Engineers at the University of Michigan have created a new device called PrivacyMic that could usher in an era of smart speakers that can capture information inside the home without recording speech. The challenge with smart speakers for many people today is that the microphones are constantly listening for their activation word, so they hear everything that goes on inside the home. PrivacyMic, on the other hand, can listen for the signal that would turn on the smart speaker without eavesdropping on conversations.
PrivacyMic picks up ultrasonic sound frequencies above the range of human hearing. Researchers say that many common household sounds, including dishwashers, computer monitors, and even the snap of your fingers, all generate sounds in the ultrasonic range with a frequency of 20 kilohertz or higher. Human ears are unable to hear the sounds, but the sounds can be heard by dogs, cats, and the PrivacyMic.
The device is designed to gather ultrasonic information around the user to identify when it’s needed. In testing, researchers have demonstrated that PrivacyMic can identify household and office activities with more than 95 percent accuracy. University of Michigan associate professor of electrical engineering and computer science, Alanson Sample, says that there are many situations where you want home automation systems and smart speakers to understand what’s happening in the home. However, we typically don’t want them listening in on our conversations.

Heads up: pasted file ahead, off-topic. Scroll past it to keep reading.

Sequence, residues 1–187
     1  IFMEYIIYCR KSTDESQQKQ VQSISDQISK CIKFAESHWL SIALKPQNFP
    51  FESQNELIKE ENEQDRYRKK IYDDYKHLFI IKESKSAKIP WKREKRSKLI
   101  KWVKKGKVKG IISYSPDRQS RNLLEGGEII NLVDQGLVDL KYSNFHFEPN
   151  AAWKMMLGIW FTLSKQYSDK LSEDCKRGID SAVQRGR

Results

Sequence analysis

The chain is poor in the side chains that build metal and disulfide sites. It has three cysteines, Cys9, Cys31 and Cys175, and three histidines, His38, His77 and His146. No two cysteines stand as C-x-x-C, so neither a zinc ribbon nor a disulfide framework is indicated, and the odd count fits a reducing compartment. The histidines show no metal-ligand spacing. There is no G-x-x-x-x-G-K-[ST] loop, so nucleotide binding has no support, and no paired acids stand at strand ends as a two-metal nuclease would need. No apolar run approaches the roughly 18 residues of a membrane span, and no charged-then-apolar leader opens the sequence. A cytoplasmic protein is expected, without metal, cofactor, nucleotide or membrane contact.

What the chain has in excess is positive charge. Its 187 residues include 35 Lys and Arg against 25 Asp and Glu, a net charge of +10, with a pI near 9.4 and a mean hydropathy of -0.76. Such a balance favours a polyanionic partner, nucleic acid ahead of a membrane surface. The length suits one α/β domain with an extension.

Sample says that the team is found you can have a system that understands what’s going on with an absolute guarantee it doesn’t record any audible information. PrivacyMic filters out audible information directly on the device, making it more secure than encryption and other security methods that seek to secure audio data recorded after the fact. With PrivacyMic, audible information doesn’t exist. It’s unclear when or if this technology will make it into the commercial market.